Ocean City Today

OC system not ready for text 911

Resort keeps to calling emergency number until newer technology arrives
By Katie Tabeling | Jul 13, 2017

(July 14, 2017) Ocean City residents and visitors will stick to calling law enforcement rather than texting agencies to report an incident or ask for help, as the Police Commission has shelved ideas to introduce texting emergency numbers.

Although Maryland municipalities will be required to include text 911 features in the next few years, Emergency Services Director Joe Theobald recommended regulating calls for service through typical channels for now.

As the system now works, 911 calls are sent to the Worcester County Emergency Services and dispatched to Ocean City Police.

“When enhanced 911 comes into play, texting will be a part of it for emergencies, and it’ll be something we can consider,” Theobald said during Monday’s meeting. “But we have a dispatcher asking the right questions. Texting in characters for emergencies is not good unless we get further in technology.”

The idea to introduce a texting emergencies came last month, when resident Scott Chismar suggested to the council look into an anonymous tip system. He likened it to Orioles games at Camden Yards, when a five-digit number is placed on a big screen. Audience members can text in their concerns, and security comes to take care of the matter.

Councilman Dennis Dare, the commission chairman, pushed having the text alert system, and hoped that technology would help weed out municipal ordinance violations from the larger crime matters.

“An example is someone lying on the beach sees someone lighting a cigarette. You could call the lifeguard over, hopefully before the smoker leaves, or you can text the incident,” Dare said. “I don’t see why that would have to go to Snow Hill and through two different systems.”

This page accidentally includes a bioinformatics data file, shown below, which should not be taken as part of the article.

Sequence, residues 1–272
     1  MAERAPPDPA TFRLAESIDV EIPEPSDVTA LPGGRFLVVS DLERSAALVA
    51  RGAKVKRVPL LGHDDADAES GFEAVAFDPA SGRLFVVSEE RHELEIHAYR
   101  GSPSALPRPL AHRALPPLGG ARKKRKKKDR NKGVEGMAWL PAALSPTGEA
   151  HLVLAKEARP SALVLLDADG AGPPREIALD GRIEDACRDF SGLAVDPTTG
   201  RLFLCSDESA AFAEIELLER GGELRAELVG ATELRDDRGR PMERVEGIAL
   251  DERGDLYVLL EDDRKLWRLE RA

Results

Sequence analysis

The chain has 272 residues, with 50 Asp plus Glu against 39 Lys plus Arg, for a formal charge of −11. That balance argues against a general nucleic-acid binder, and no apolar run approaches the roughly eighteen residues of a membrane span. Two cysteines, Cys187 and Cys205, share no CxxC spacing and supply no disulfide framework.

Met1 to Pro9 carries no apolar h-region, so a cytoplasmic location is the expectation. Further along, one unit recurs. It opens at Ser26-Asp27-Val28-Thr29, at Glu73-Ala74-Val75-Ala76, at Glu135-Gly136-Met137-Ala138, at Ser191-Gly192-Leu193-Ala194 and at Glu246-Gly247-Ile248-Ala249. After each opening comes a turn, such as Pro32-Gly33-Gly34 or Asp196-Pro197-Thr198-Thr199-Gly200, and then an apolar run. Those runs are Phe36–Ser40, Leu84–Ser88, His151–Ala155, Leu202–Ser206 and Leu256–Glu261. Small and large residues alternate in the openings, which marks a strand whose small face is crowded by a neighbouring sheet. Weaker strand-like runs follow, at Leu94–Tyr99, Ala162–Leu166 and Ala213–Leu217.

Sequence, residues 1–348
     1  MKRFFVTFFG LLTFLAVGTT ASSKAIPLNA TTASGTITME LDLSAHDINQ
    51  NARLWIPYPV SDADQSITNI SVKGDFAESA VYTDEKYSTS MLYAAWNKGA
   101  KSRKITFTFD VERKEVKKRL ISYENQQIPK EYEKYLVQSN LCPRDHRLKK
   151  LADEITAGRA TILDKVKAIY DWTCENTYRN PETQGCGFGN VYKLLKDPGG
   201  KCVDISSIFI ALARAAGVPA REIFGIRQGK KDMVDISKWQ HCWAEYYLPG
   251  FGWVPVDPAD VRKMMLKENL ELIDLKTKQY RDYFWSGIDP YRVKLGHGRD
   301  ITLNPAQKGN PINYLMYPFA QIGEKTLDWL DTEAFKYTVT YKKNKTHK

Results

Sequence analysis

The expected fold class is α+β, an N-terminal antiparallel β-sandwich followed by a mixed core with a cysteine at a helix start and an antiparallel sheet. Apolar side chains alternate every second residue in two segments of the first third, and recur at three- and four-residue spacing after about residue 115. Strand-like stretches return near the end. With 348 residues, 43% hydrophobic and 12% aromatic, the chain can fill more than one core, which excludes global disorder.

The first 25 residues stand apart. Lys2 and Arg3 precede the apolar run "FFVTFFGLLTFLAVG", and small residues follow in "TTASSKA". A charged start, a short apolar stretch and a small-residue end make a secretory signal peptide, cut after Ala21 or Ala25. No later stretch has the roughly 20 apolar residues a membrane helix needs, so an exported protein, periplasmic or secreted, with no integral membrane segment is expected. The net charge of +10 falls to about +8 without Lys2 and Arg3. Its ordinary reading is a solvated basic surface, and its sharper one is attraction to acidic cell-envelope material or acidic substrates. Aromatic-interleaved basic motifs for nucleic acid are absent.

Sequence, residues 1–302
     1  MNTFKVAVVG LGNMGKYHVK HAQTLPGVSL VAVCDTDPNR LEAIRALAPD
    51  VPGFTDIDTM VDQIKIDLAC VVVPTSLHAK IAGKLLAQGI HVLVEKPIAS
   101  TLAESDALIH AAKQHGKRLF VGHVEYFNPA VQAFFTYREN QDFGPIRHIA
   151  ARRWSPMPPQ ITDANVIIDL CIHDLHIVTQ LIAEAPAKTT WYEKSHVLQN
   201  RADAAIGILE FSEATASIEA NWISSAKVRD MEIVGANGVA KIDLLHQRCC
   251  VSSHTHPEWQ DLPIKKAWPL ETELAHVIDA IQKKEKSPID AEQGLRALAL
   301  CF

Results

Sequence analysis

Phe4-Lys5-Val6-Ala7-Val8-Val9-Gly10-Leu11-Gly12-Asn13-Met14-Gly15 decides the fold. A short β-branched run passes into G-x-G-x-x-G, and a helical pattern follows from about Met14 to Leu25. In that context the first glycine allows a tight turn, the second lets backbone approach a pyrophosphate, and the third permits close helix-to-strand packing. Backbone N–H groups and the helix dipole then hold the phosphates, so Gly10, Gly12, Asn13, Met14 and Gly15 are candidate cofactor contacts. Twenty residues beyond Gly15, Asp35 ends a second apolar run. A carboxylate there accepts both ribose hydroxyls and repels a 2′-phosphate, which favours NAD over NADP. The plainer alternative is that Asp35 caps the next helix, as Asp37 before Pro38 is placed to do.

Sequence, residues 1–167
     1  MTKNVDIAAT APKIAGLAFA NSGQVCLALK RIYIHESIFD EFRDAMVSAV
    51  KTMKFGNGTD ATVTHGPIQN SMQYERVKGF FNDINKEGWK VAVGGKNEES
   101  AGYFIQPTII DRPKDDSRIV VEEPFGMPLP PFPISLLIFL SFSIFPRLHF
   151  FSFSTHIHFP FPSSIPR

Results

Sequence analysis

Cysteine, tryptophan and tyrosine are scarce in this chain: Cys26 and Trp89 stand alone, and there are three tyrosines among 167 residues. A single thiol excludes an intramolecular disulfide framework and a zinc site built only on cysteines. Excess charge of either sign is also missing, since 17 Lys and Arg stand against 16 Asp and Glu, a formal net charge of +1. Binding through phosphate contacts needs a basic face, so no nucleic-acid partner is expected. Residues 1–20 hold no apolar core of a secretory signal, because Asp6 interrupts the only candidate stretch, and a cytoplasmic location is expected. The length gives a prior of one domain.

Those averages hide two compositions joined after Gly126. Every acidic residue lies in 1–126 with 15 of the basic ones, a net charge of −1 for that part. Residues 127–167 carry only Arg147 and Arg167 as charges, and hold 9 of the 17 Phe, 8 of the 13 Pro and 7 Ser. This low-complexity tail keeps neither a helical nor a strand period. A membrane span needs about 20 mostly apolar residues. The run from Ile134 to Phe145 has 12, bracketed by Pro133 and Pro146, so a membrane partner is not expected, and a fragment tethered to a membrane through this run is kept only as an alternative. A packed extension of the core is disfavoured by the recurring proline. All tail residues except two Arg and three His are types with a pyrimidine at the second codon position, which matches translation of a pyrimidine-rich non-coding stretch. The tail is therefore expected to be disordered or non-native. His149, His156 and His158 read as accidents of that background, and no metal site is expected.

Police Chief Ross Buzzuro pointed out that the city has a 311 smartphone app, which allows residents to report issues such as abandoned vehicles, animal complaints, ordinance violations and problem properties.

But like Theobald, Buzzuro preferred directing callers to the 911 line.

“We don’t want to deviate from 911 because there’s a check and balances when the calls come in.

Among other things, Buzzuro said the current system determines whether a call should go to police or the fire department.

“The fear is that although some calls seem mundane, like sleeping in cars, but something could slip through. Sleeping in cars could potentially be dangerous, and often leads to finding serious contraband,” he said.

Ocean City’s 311 number could be set up in a way that dispatch could monitor it in live time perhaps through an online portal, Theobald said.

Dare said he realized that educating the public where emergency texts should be send would be a bigger problem.

“Everyone knows what 911 is. If we had a text number, how do you get that to a quarter million people a week?” Dare said. “It works for the O’s because the audience had a screen in front of them. [Texting] is a concept to get ahead on.”

The OCMD 311 App is available to download for free on both iTunes and Google Play or can be downloaded by visiting http://oceancitymd.gov.

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